Fortnightly collections of non-recyclable waste is the way to get more people recycling, says Friends of the Earth.

The charity showed support for this strategy after figures from the Department of the Environment, Food and Rural Affairs revealed that nine of the ten local councils with the best improvement in recycling rates over the past two years follow this tactic.

Julian Kirby, waste and resources campaigner at the organisation, told independent.co.uk: “It’s obvious that fortnightly collections boost recycling and save councils money. The sad thing about this is that it’s like having to argue about people causing climate change.”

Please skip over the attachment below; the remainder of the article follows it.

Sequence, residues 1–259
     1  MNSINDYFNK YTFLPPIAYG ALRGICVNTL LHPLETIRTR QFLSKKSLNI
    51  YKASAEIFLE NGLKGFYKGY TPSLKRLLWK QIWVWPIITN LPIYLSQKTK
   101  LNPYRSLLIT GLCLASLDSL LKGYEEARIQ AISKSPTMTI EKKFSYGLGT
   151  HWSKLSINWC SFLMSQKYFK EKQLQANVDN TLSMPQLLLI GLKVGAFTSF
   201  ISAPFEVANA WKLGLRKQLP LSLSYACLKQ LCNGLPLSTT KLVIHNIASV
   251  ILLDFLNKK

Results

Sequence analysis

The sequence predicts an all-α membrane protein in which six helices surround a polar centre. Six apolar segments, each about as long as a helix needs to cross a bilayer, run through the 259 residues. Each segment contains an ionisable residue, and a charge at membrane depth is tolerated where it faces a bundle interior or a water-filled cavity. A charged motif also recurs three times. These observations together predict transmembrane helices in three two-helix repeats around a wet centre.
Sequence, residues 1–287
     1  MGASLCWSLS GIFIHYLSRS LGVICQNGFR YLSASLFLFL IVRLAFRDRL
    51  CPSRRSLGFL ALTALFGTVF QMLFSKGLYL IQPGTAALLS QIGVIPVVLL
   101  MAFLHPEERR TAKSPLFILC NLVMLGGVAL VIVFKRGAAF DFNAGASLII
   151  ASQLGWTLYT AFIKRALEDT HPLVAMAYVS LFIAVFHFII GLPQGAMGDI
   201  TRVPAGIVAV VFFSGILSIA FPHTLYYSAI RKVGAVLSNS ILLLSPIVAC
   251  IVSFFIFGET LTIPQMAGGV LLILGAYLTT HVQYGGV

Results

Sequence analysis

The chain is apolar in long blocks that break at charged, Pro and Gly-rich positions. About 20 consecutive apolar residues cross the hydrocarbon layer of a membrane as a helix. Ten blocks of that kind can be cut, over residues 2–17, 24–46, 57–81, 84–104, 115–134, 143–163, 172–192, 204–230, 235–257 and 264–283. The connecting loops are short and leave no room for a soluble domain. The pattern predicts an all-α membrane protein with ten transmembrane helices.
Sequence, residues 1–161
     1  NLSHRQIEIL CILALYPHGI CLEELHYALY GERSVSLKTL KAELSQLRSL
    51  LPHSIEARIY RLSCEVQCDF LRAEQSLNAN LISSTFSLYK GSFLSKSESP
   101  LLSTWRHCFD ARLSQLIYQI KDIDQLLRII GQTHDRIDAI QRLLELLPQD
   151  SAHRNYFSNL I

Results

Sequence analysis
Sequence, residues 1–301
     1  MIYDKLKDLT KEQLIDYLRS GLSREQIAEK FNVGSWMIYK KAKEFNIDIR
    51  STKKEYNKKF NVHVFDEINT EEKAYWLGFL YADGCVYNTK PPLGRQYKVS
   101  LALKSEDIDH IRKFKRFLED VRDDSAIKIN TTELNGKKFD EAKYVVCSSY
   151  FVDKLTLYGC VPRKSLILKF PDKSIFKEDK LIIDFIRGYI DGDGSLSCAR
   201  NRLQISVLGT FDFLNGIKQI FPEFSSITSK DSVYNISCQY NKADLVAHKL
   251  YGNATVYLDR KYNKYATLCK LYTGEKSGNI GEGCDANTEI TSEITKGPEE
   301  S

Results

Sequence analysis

About half of councils in the UK currently collect non-recyclable waste fortnightly, which can encourage people to put recyclable materials in kitchen recycling bins rather than let the rubbish sit there for two weeks.

While it is currently down to local councils to choose how often they pick up rubbish, certain figures from central government have been less than supportive of the fortnightly approach.

Local government minister Brandon Lewis told telegraph.co.uk that cutting the frequency of collections would be “lazy”, adding that research shows residents actually prefer to get their rubbish picked up every week.

In his opinion, “better procurement, more joint working and using incentive schemes” is the way to boost recycling rates in the UK.

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